“Each community has its own timing. We can, though, look at what happened in the past. The Zero Waste Strategy started in Australia in 1996 when the government passed a law on waste envisaging their drastic reduction. Objective: zero waste by 2010. This was an important signal that reached California where a similar law was passed through which each community had to manage 50% of waste in ways other than disposing of it in landfills or incinerate it. After that, California reached 300 communities that achieved such objective, saving money. So, many people saw these results were possible and started to ask: ‘Why not increase the objective to 60, 70 or 80%? Or aim at the Australian one?’ Other communities such as that in San Francisco went from the ‘No Waste’ objective to the ‘Zero Waste’ one. It may seem a small change, but it is not. The second slogan communicates citizens the distance to the objective, thus making it more effective.”
Good. But where the Zero Waste Strategy is applied, how far are we from target?
“Nowadays, there are two places in the world where this strategy is in full swing. The first is San Francisco where we have over 80% of the separate waste collection, there is no incineration and we are moving towards 100% – that is Zero Waste – by 2020. The other – surprise, surprise – is Italy where there are the worst examples of waste management in the world, but also the best. Today, in Italy, there are over 1,000 communities where separate waste collection exceeds 60%. 300 are over 80% and some of these over 90%. And everything is achieved in very short periods of time.”
Italy at the helm of sustainability. Are you sure?

“Yes. Today communities need clean water, good food, high-quality agriculture, and life. Italy has all this and in abundance. From this perspectives, you are millionaires compared to the average US citizens; I believe in this, so much so that when they ask me where I would like to live I reply Italy. And all this without even considering the landscape, art, and cultural heritage. Not everywhere, to tell you the truth, but this applies to at least one thousand Italian communities. And this is no small thing.”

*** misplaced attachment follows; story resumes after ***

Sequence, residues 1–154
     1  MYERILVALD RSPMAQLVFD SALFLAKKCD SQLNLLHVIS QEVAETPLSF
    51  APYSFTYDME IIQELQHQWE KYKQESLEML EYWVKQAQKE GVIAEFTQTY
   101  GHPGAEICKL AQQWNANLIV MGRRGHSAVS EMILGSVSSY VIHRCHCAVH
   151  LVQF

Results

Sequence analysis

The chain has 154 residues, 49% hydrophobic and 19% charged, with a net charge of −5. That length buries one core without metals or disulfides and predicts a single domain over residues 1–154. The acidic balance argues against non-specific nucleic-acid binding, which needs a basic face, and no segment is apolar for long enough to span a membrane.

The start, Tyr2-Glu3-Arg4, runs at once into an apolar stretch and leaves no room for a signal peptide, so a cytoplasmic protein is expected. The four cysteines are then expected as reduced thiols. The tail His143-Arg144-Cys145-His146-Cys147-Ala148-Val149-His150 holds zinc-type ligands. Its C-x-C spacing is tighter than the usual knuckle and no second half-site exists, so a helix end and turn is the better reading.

10 steps towards zero Waste

10 steps towards zero Waste

Good, but one the problems in Italy is work. Can the Zero Waste Strategy contribute to job creation?

“Yes, the Zero Waste Strategy can certainly offer many opportunities, much more than incineration that compared to that is a ‘black box.’ Let’s take, for instance, the sector of reuse and repairing. Today, in this sector, we already have work linked to maintenance, reuse and repairing and that can be increased. But we do not have people working on training people whom we could teach how to repair and reuse objects. Here is fresh work. Besides that, new jobs can be created reusing building materials, adapting it to new constructions. These are activities that in traditional supply chains do not exist, but which can produce new jobs. It is a network of supply chains with a flow which does not produce temporary work and thus job insecurity. A person with no training, for example, can start working on waste separation and then move onto repairing, thus improving their working position.”

Today there is a lot more scientific research on recycling and more generally on waste management compared to the past. Do you think we are getting there?

“I think so. Today, many researchers, scientists, and students deal with this, stimulated by the ten points of the Zero Waste Strategy. We need research, particularly in composting, reusing and repairing and in increasing waste separation in big cities. Not only that: we need to develop new systems to separate the residual fraction in a better way, achieving more recyclable material, and to eliminate as many toxic substances as possible, thus obtaining more organic matter, useful for compost.”

So, can research be carried out in systems only?

“There is a very important sector where a lot of research is needed: that of design. Products must be designed to be reused and recycled and the best minds available must be included here as well because it is a strategic sector to reach the Zero Waste objective. Here, Italy can play a crucial role because it has some of the best architects and designers in the world. I believe that if Italians cannot improve the design of an object, no-one else can.”

 

Published by Renewable Matter , edited by Sergio Ferraris.

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Janez Potočnik on the Circular Economy Part 4

In a four-part video series made up of short lessons, thoughts and insights, Janez Potočnik, the former European Commissioner for the Environment and president of the Advisory Board of Circular Change, explains

why changes in how we live and do business are imminent